Every component of this pricey, pescatarian-friendly option was pretty much on point. What's not to like about pistachio-crusted salmon, cooked to perfection, perched atop a crisp and golden brown disc of potato rosti?

Well, the watercress and rocket salad could've merely existed in all its stark rawness, if not for the uplifting citrus mint mayo.

This is ideal if you want something that straddles the line in between "indulgent" and "healthy".

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After being swept off my feet by British Indian food in London, I've been trying to expose myself to more of what South Asia has to offer.

I was introduced to a proper dosai only today, at none other than the legendary Komala Vilas chain. Sure enough, I took an instant liking to the crisp and "tangy" Paper Dosai ($4.40), served with a simple trio of sambar and chutney.

Dosai will appear in my dreams tonight.

On a disgustingly hot afternoon like today, all I require is a Classic yog' ($5.50 for two with Burpple Beyond).

Picked strawberries and glorious, glorious matcha sauce for my toppings, duh! 🥰

Having lusted over Keong Saik Bakery's Matcha Burnt Cheesecake ($8) for the longest time, my heart leapt when I finally got to try it here.

You've seen the reviews – people go gaga for this silky and creamy confection, infused with just the right amount of bitterness. It may not be the most "BURNT" of burnt cheesecakes you'll come across, but it's no biggie, really.

Let it sit for a few minutes if you prefer a soft and melty texture. Oh, and I hate to be Captain Obvious, but burnt cheesecake pairs magically with thick black coffee. I love it.

The Chick'n Shack ($9.20) has finally graced our shores. I sneaked a bite, and found it to be a generally agreeable chicken burger. Some find it too salty, but I say, try it for yourselves. I’m no chicken burg’ connoisseur, so trust your taste buds.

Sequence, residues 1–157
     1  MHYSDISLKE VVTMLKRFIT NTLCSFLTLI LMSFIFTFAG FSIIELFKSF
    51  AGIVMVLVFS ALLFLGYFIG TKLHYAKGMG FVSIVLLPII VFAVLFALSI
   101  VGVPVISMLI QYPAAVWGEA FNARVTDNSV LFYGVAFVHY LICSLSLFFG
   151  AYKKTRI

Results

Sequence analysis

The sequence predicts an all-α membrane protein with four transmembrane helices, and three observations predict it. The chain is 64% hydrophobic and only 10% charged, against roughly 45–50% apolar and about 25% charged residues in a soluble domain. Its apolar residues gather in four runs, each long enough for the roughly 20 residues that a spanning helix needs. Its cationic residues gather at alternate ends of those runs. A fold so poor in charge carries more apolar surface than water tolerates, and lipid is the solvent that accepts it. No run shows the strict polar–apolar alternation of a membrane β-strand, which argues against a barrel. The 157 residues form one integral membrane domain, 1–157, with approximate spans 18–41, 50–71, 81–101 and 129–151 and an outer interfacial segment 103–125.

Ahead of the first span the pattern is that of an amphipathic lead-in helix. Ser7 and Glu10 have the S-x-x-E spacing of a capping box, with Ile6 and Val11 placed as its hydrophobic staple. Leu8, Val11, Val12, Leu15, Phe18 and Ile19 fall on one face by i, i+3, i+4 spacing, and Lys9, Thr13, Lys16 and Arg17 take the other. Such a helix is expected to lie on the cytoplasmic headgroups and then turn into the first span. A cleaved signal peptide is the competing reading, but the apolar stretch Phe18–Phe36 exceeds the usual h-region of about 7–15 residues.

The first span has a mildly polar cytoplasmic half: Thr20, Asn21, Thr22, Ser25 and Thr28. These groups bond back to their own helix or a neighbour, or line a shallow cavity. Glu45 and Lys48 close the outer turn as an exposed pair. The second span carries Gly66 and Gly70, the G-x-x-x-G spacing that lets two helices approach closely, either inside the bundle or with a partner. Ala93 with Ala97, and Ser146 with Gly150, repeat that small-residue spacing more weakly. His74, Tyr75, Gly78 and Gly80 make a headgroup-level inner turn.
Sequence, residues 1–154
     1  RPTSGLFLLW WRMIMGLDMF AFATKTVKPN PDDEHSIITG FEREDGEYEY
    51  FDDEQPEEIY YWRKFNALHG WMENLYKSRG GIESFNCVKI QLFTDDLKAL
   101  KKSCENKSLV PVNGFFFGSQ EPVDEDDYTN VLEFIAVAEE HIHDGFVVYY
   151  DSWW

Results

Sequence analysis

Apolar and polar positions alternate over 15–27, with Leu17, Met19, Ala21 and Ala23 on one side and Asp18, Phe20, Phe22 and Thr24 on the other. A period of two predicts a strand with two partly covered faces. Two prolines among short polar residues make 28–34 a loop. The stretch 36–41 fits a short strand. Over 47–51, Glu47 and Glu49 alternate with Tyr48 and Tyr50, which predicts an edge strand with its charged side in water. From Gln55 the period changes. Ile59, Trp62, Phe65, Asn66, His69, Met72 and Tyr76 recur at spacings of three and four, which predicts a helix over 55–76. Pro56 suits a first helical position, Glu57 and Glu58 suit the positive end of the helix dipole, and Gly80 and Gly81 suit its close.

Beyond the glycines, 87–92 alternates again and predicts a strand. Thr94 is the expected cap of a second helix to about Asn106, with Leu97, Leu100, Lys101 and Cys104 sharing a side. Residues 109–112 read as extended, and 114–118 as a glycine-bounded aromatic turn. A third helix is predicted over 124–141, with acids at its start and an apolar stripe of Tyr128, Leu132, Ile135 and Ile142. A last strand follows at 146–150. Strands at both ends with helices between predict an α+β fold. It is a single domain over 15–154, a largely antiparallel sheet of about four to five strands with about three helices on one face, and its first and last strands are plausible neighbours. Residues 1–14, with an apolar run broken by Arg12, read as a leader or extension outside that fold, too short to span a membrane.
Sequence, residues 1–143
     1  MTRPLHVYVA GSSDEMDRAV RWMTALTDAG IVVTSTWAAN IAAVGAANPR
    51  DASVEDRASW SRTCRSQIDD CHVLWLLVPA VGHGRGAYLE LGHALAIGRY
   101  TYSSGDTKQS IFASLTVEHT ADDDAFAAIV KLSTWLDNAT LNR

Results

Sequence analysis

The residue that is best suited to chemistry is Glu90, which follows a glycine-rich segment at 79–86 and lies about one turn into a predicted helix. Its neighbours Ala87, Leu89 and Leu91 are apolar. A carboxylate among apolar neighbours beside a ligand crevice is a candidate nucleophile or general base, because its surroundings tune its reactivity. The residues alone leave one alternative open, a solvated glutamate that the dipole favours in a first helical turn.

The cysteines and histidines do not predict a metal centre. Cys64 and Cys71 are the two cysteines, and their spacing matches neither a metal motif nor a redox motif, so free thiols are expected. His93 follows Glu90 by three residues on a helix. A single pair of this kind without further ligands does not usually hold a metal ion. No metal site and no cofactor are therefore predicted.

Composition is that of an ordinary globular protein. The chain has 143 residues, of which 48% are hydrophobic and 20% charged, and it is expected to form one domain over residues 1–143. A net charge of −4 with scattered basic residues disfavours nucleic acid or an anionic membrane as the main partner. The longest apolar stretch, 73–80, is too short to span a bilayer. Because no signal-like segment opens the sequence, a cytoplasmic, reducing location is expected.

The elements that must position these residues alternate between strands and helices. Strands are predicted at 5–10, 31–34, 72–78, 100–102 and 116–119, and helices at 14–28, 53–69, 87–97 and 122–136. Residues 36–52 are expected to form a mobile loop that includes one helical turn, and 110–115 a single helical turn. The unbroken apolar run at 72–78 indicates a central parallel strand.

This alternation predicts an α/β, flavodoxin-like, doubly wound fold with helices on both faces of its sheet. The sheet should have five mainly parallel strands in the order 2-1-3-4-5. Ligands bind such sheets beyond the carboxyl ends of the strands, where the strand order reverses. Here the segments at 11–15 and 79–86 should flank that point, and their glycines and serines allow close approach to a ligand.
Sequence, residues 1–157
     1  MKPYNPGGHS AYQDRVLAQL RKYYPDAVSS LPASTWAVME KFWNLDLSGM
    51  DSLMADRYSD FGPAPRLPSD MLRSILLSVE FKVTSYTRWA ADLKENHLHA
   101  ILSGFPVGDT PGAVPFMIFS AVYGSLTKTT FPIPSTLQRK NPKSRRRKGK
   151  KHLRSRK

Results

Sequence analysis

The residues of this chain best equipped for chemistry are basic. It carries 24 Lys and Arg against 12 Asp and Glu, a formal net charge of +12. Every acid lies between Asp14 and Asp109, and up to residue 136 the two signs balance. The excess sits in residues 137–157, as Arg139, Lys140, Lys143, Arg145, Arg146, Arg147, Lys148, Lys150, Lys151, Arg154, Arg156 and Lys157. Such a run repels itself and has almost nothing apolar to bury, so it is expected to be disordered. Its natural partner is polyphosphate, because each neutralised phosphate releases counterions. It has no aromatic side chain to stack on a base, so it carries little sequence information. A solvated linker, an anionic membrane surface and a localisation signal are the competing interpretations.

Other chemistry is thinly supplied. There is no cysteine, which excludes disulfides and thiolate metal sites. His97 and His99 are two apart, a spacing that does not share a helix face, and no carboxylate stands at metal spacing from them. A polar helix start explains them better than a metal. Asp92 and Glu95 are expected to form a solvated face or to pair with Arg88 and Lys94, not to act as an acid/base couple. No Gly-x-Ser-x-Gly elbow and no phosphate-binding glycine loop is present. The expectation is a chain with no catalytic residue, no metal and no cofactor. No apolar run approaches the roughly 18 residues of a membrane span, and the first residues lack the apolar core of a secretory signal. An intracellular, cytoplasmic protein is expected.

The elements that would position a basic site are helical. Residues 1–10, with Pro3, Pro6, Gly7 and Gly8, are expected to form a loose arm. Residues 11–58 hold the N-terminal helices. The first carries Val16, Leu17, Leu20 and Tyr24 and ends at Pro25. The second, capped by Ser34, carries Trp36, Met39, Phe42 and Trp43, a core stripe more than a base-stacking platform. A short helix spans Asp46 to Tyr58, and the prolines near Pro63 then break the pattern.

Out of the three Concretes, only the Eye of The Tiger ($7.50) was in stock. We were greeted with a messy-looking vanilla custard blended with lychee, raspberry, shortbread, and a sprinkling of lemon zest. Think raspberry ripple. That is all.

What did I have? Well, I'm all about the 'Shroom Burger ($10.80), baby. The Shack Stack ($14.30) used to have my heart, but the beef no longer does it for me.

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The Tiger-Infused Crispy Baby Sotong ($15.80) is a definite crowd-pleaser. It’s crispy! It’s caramelised! Duh.

Ok cool, BUT I couldn’t stop snacking on the Salt Pepper Crispy Shrimps with Curry Leaves ($14.80). They were a little spicy and a little salty – the perfect antidote to a long, exhausting flight.

So you’re scrolling through Instagram, and you notice everyone ordering the Wok-fried King Prawn White Bee Hoon ($18.80). Follow suit, and you’ll be greeted by a surprisingly lovely wok hei, loads of fried pork lard and two sizeable King prawns.

If you’re like me, and prefer your bee hoon/hokkien mee wetter with more “zhup”, this would be right up your alley. Portion could be bigger though.